Even if Keystone XL were in place, the golden age of Canada's tar sands won't be in sight—not without yet more pipelines as the bitumen producers face mounting opposition to their extreme operations. As a result of fierce resistance to Keystone XL, led in large part by TomDispatch contributor Bill McKibben,—the public has become far more aware of the perils of tar sands production. Resistance to it, for example, could stymie plans to deliver tar sands oil to Portland, Maine (for transshipment by ship to refineries elsewhere), via an existing pipeline that runs from Montreal through Vermont and New Hampshire to the Maine coast. Environmentalists in New England are already gearing up to oppose the plan.
If the U.S. proves too tough a nut to crack, Alberta has a backup plan: construction of the Northern Gateway, a proposed pipeline through British Columbia for the export of tar sands oil to Asia. However, it, too, is running into trouble. Environmentalists and native communities in that province are implacably opposed and have threatened civil disobedience to prevent its construction (with major protests already set for October 22nd outside the Parliament Building in Victoria).
Sending tar sands oil across the Atlantic is likely to have its own set of problems. The European Union is considering adopting rules that would label it a dirtier form of energy, subjecting it to various penalties when imported into the European Union. All of this is, in turn, has forced Albertan authorities to consider tough new environmental regulations that would make it more difficult and costly to extract bitumen, potentially dampening the enthusiasm of investors and so diminishing the future output of tar sands.
In a sense, while the dreams of the boosters of these new forms of energy may thrill journalists and pundits, their reality could be expressed this way: extreme energy = extreme methods = extreme disasters = extreme opposition.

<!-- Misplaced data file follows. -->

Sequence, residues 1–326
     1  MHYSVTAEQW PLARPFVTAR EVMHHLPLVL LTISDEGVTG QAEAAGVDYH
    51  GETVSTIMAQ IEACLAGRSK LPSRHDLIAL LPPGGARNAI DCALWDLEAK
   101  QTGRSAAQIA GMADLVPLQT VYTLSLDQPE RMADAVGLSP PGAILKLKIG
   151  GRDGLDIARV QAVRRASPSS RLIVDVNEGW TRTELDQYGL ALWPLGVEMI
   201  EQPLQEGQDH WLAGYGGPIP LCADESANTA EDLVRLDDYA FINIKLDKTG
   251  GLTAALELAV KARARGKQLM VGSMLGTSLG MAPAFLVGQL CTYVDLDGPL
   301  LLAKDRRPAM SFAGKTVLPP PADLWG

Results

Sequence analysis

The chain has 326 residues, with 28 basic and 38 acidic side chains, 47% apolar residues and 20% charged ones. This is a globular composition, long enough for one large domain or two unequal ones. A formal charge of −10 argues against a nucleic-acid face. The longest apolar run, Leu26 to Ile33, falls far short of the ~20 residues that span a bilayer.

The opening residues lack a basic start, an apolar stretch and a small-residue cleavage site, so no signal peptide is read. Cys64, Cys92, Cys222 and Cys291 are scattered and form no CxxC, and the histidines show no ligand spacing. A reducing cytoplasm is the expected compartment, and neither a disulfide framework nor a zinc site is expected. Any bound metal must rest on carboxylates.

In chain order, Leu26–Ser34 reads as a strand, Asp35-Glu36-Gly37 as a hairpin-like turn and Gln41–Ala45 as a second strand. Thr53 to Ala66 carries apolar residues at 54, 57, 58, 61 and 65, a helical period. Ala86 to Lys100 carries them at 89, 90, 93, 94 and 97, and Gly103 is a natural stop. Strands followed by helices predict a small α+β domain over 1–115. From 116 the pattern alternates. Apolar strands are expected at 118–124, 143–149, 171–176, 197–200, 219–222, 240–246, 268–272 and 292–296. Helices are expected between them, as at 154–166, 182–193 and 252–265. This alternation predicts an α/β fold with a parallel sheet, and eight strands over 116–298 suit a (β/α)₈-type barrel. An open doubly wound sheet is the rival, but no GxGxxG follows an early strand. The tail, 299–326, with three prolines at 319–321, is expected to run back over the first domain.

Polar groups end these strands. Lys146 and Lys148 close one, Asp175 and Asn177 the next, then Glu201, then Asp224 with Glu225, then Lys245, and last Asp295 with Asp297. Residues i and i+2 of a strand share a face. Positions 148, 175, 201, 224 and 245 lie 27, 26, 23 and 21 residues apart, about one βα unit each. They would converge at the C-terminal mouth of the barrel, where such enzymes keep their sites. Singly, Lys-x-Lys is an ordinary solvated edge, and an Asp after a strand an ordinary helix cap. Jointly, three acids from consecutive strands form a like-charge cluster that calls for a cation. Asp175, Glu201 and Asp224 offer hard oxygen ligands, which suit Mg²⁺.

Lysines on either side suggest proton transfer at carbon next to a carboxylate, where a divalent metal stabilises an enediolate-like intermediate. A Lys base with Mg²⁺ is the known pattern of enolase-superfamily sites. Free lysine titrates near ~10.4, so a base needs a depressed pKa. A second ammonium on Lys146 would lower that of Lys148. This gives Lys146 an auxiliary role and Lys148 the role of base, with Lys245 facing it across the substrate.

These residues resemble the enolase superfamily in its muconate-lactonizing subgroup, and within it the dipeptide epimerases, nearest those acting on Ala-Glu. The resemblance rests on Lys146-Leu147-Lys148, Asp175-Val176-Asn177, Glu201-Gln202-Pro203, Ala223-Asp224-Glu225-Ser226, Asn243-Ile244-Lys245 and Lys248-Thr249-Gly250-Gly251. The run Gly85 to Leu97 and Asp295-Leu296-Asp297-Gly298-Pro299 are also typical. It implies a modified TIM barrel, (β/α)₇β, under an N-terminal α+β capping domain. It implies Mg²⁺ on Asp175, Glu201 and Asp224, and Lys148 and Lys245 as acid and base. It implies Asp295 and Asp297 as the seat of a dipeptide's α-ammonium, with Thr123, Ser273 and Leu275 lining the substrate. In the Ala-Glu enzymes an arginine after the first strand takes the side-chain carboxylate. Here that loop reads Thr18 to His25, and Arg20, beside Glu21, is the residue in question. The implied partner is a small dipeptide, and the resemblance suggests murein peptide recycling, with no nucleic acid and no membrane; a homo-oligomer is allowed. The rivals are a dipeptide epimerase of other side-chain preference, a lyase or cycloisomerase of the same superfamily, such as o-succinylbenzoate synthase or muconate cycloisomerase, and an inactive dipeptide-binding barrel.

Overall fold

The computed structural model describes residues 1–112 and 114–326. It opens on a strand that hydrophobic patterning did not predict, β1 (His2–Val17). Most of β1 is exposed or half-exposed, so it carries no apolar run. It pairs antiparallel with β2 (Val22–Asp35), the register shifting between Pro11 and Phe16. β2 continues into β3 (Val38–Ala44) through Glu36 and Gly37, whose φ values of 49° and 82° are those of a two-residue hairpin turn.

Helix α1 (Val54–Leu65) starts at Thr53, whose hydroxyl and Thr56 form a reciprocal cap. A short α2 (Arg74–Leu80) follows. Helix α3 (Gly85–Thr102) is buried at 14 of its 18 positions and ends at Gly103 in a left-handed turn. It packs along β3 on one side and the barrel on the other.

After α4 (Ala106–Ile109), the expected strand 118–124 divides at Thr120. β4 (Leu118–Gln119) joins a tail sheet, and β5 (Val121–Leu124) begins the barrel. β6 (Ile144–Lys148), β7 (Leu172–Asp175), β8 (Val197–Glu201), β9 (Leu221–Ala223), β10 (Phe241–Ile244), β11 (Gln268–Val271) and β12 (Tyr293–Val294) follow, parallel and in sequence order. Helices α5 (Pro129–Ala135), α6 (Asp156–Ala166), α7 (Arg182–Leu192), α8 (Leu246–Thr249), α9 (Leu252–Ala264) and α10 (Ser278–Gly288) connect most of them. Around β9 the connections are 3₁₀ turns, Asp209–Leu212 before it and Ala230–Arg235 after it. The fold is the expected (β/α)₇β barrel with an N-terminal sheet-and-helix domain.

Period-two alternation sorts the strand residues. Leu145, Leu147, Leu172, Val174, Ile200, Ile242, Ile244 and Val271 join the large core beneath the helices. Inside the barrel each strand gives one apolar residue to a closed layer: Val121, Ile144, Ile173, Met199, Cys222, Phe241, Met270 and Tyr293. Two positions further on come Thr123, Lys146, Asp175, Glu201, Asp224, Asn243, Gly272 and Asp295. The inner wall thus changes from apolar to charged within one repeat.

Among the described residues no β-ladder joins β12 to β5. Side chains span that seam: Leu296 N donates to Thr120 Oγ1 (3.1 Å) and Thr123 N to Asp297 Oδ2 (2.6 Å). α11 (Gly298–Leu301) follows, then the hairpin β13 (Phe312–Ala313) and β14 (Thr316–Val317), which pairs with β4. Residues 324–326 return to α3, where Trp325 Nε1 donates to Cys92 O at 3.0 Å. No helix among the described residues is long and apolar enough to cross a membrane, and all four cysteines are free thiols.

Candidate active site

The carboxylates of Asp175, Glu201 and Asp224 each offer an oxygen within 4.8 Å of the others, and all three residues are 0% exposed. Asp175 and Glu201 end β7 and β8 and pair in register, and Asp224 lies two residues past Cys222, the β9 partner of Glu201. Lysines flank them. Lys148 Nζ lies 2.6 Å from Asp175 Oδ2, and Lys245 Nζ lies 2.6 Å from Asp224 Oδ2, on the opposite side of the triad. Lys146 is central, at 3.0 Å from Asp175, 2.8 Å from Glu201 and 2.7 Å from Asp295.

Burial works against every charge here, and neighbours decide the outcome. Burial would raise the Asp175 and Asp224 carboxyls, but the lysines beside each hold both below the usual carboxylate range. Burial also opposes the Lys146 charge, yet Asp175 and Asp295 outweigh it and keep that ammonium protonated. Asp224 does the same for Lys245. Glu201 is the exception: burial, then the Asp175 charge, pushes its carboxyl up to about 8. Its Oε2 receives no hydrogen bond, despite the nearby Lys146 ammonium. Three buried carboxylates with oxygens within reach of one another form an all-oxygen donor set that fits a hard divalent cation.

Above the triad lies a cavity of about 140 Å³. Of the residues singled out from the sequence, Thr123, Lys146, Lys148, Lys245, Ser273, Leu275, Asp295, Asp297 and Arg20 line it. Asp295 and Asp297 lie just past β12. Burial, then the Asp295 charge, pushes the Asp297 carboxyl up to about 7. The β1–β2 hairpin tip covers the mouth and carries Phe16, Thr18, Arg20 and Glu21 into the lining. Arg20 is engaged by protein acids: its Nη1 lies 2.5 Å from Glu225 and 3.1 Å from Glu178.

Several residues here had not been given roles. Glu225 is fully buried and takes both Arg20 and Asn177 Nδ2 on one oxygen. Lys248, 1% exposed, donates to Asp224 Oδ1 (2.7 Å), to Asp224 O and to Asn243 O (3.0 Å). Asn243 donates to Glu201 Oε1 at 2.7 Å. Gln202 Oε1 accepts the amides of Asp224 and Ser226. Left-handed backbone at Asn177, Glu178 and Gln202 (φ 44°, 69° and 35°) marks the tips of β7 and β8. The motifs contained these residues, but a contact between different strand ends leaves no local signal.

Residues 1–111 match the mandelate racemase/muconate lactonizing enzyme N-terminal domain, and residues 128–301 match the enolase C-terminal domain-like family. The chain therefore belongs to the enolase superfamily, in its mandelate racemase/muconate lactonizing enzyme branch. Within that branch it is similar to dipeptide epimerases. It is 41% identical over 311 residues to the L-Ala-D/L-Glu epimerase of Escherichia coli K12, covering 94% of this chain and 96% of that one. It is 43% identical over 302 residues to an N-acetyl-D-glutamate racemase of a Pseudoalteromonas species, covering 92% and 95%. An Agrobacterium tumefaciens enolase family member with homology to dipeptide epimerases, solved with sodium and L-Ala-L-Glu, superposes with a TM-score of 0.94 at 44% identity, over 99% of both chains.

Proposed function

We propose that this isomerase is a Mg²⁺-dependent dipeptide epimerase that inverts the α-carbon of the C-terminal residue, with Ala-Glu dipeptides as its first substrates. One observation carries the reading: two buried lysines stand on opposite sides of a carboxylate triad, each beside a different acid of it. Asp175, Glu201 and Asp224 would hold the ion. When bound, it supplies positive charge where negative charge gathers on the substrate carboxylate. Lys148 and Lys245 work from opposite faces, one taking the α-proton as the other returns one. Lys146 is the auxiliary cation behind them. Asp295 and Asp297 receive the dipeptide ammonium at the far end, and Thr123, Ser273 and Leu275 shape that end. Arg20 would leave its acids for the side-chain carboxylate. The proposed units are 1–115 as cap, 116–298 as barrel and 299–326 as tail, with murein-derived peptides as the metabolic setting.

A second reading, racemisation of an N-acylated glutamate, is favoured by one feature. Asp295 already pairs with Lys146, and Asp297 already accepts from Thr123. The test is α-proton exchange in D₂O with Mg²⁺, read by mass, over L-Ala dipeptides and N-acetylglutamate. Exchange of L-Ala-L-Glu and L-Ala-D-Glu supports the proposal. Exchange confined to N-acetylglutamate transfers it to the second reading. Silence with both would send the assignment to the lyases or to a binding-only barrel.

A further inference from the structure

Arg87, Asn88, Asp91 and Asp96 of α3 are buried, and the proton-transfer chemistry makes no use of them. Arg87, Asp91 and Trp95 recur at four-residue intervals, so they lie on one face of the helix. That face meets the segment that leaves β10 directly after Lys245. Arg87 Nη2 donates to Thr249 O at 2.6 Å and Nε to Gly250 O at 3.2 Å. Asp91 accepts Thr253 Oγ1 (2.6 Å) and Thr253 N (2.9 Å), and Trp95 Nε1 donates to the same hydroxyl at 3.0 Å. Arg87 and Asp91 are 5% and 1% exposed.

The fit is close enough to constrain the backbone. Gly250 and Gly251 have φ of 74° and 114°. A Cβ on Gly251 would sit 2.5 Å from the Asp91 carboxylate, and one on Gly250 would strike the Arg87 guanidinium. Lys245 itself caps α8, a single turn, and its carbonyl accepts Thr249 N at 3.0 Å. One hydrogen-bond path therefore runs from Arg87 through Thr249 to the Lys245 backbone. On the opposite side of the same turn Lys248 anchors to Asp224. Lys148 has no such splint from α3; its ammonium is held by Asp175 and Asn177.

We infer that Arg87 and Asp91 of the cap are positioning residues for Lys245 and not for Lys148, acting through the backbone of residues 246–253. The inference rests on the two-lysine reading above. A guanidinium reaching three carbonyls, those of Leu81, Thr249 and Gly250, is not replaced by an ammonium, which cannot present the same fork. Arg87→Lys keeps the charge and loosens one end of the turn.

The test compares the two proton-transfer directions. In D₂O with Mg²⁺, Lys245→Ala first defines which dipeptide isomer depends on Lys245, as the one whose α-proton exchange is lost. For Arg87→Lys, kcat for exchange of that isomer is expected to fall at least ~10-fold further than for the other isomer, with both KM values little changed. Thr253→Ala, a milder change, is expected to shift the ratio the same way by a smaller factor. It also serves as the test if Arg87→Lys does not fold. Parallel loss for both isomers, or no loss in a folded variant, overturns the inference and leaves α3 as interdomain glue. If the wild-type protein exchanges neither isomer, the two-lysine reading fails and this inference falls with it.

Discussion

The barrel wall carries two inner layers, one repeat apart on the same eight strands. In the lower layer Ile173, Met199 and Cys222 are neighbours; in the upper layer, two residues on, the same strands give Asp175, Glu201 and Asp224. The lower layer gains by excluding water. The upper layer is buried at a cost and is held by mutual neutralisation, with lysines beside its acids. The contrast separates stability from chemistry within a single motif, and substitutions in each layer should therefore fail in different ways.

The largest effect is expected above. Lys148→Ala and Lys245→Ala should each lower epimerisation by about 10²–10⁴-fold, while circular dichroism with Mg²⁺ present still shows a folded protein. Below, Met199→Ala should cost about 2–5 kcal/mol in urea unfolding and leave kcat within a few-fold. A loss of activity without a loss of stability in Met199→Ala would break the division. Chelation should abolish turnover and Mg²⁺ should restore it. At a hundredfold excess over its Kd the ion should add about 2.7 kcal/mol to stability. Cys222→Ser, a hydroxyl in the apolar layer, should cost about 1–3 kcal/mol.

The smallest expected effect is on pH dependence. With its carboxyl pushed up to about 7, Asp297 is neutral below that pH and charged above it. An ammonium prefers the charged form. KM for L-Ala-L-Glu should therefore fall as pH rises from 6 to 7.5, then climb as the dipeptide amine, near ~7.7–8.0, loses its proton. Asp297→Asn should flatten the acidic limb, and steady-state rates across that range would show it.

There are already many indications that the new "golden age" of North American oil is unlikely to materialize as publicized, including an unusually rapid decline in oil output at existing shale oil drilling operations in Montana. (Although Montana is not a major producer, the decline there is significant because it is occurring in part of the Bakken field, widely considered a major source of new oil.) As for the rest of the Western Hemisphere, there is little room for optimism there either when it comes to the "promise" of extreme energy. Typically, for instance, a Brazilian court has ordered Chevron to cease production at its multibillion-dollar Frade field in the Campos basin of Brazil's deep and dangerous Atlantic waters because of repeated oil leaks. Doubts have meanwhile arisen over the ability of Petrobras, Brazil's state-controlled oil company, to develop the immensely challenging Atlantic "pre-salt" fields on its own.
While output from unconventional oil operations in the U.S. and Canada is likely to show some growth in the years ahead, there is no "golden age" on the horizon, only various kinds of potentially disastrous scenarios. Those like Mitt Romney who claim that the United States can achieve energy "independence" by 2020 or any other near-term date are only fooling themselves, and perhaps some elements of the American public. They may indeed employ such claims to gain support for the rollback of what environmental protections exist against the exploitation of extreme energy, but the United States will remain dependent on Middle Eastern and African oil for the foreseeable future.
Of course, were such a publicized golden age to come about, we would be burning vast quantities of the dirtiest energy on the planet with truly disastrous consequences. The truth is this: there is just one possible golden age for U.S. (or any other kind of) energy and it would be based on a major push to produce breakthroughs in climate-friendly renewables, especially wind, solar, geothermal, wave, and tidal power.
Otherwise the only "golden" sight around is likely to be the sun on an ever hotter, ever dirtier, ever more extreme planet.
Michael T. Klare is a professor of peace and world security studies at Hampshire College, a TomDispatch regular, and the author, most recently, of The Race for What's Left. A movie based on one of his earlier books, Blood and Oil, can be ordered at http://www.bloodandoilmovie.com. Klare's other books and articles are described at his website. You can follow Klare's work on Facebook. To stay on top of important articles like these, sign up to receive the latest updates from TomDispatch.com here.